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This little light of mine : the life of Fannie Lou Hamer
Mills, Kay.
Adult Nonfiction E185.97.H35M55 1993

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From Publishers' Weekly:

Mills draws on interviews with Hamer, her relatives, friends and colleagues to recount her emergence as a leader of the Civil Rights Movement of the 1960s. Photos. (Feb.) (c) Copyright PWxyz, LLC. All rights reserved

From Library Journal:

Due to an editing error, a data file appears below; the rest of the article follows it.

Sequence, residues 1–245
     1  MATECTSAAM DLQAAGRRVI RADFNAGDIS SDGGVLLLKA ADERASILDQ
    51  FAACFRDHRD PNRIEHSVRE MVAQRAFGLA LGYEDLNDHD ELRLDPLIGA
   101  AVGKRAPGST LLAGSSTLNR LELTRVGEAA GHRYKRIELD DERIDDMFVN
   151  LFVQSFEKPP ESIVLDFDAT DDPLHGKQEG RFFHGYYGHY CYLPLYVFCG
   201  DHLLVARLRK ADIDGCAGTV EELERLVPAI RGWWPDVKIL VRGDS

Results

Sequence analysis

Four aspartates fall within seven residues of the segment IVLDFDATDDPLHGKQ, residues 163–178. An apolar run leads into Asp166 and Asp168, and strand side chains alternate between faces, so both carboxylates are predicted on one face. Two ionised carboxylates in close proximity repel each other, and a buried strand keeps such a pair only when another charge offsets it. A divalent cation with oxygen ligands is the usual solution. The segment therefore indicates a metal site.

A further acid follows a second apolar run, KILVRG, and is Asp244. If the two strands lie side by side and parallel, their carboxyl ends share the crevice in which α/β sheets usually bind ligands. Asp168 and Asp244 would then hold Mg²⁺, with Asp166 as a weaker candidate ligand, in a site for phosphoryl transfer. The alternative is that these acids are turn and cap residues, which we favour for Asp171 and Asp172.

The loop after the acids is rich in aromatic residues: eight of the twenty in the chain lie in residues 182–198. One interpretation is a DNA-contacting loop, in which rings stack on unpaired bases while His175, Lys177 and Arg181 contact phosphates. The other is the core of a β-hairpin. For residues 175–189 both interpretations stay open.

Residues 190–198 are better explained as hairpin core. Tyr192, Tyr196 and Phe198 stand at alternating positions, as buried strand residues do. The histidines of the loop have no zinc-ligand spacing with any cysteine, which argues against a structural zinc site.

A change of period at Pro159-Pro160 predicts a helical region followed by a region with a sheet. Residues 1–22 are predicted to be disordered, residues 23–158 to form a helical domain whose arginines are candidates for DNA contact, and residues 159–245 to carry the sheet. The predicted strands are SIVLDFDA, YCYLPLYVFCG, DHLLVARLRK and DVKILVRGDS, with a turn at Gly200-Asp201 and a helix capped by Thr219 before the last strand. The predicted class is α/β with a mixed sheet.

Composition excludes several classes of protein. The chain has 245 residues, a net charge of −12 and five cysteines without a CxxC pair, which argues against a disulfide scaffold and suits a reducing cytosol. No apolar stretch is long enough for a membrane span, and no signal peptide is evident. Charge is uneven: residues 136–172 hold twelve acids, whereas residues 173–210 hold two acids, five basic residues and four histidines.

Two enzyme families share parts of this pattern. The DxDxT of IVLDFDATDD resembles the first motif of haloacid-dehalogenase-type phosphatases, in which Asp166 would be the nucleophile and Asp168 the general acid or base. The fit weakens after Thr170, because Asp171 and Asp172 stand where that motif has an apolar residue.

Journalist Mills has written a moving, inspiring biography of black activist Fannie Lou Hamer. The daughter and wife of poor Mississippi sharecroppers, Hamer was ``converted'' to the Civil Rights movement after attending a mass voter-registration meeting in 1962. For the next 15 years, she was in the forefront of major struggles in Mississippi involving voter registration and economic and educational rights for its black citizens. To Mills, Hamer's ability to influence people came from a combination of energy, powerful public speaking, and an extraordinary talent in music and singing. While hardly perfect (she lacked organizational skills and too often refused to compromise), Fannie Lou Hamer was an inspiration to thousands of ``foot soldiers'' in the movement. This beautifully written tribute is highly recommended.-- Anthony O. Edmonds, Ball State Univ., Muncie, Ind. (c) Copyright 2010. Library Journals LLC, a wholly owned subsidiary of Media Source, Inc. No redistribution permitted.

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